We must never lose faith in the world’s capacity to surprise us, to recreate and make new. Church people make such a fuss about Jesus because in his life and in his death he shows us that we are not alone, that this is, in fact, God’s wondrous world. It is our conviction that God raised Jesus to new life and so we have faith that what we call the “ways of the world” are not the final way and that they will not receive the final say.
To this truth Herod offers a powerful testimony. If Herod was really convinced that his way was just the way of the world and everyone should just get used to it, he could have ignored the magi and their question; it wouldn’t have disturbed him, festering in his conscience, like a splinter or a hangnail. If Herod was truly convinced that his way was just the way of the world then he could have told the chief priests and the teachers of the law to ignore any questions that came from the people about the newborn ruler. Instead Herod frantically gathers them all for insider advice. In our story Herod reveals that he is, in fact, fully cognizant of another way and he shows us as much because he’s frightened. Herod knows in his bones that he has been trying to thwart this way for a very long time but the real way of the world cannot and will not be held back.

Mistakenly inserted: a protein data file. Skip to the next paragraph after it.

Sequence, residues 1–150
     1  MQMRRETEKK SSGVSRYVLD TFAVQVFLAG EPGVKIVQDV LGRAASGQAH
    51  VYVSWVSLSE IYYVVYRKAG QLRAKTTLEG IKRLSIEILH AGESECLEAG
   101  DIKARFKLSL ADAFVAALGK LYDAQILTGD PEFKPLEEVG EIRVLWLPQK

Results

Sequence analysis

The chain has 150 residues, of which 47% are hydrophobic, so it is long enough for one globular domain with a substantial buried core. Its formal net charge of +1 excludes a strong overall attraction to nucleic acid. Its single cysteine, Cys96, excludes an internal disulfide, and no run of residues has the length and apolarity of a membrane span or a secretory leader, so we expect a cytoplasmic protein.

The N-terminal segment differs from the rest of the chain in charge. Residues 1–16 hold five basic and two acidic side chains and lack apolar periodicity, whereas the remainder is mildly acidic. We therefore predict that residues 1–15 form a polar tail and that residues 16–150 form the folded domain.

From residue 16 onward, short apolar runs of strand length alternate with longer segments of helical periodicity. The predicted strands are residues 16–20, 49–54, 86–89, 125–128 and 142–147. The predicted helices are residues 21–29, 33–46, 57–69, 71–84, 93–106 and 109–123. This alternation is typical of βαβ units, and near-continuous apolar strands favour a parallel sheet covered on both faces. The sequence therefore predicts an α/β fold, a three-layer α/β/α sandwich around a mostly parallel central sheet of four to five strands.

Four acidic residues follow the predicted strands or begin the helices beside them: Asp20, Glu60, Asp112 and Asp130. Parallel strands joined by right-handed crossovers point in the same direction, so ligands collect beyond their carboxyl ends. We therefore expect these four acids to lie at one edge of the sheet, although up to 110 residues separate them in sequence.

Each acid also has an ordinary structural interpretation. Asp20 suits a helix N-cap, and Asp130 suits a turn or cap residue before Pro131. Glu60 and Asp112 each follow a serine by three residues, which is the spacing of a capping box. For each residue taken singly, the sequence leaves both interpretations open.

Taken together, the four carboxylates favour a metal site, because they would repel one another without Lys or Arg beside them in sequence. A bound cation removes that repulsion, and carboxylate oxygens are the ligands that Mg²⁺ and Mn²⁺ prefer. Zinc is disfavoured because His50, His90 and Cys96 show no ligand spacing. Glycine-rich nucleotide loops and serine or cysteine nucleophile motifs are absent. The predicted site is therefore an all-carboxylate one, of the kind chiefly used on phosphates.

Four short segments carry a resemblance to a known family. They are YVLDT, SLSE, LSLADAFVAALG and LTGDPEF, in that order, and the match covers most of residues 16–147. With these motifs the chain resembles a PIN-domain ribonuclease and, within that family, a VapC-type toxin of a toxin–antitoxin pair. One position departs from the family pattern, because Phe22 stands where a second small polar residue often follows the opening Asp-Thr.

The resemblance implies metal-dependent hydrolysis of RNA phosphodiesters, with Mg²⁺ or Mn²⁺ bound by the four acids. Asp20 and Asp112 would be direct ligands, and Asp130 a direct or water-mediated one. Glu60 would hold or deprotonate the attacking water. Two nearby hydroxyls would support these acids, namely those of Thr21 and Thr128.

In a world that has known its fair share of Herods, those who maintain that their way is just the way this world operates, what inspires some, like the magi, to ask the innocent questions that might topple entire kingdoms? Questions like, who says women can’t skate as fast or that our game wouldn’t be as exciting as men’s? Questions like, who says no one would believe me, were I to tell my story? Questions like who says I haven’t got anything to say, a message to pass on, a canvas to fill? What inspires us, like the magi, to ask the questions that threaten to topple entire worldviews? Here at church we’d say it is our conviction in another way.
Our world needs people who are not resigned, people who have faith in this world’s capacity to surprise us, to be made new. People with victories to claim, healing to promote, communities to build. It’s why we here at church make such a fuss about Jesus and why we tell the story of the magi’s quest at this time every year: that we might gain our own epiphany – our own insight, our own reminder – that there is indeed another way of the world. We call it God’s way, this promise to make all things new – it’s a promise for you and for me and for this church community and this city and yes, even Herod. This is God’s wondrous world, and it is constantly surprising.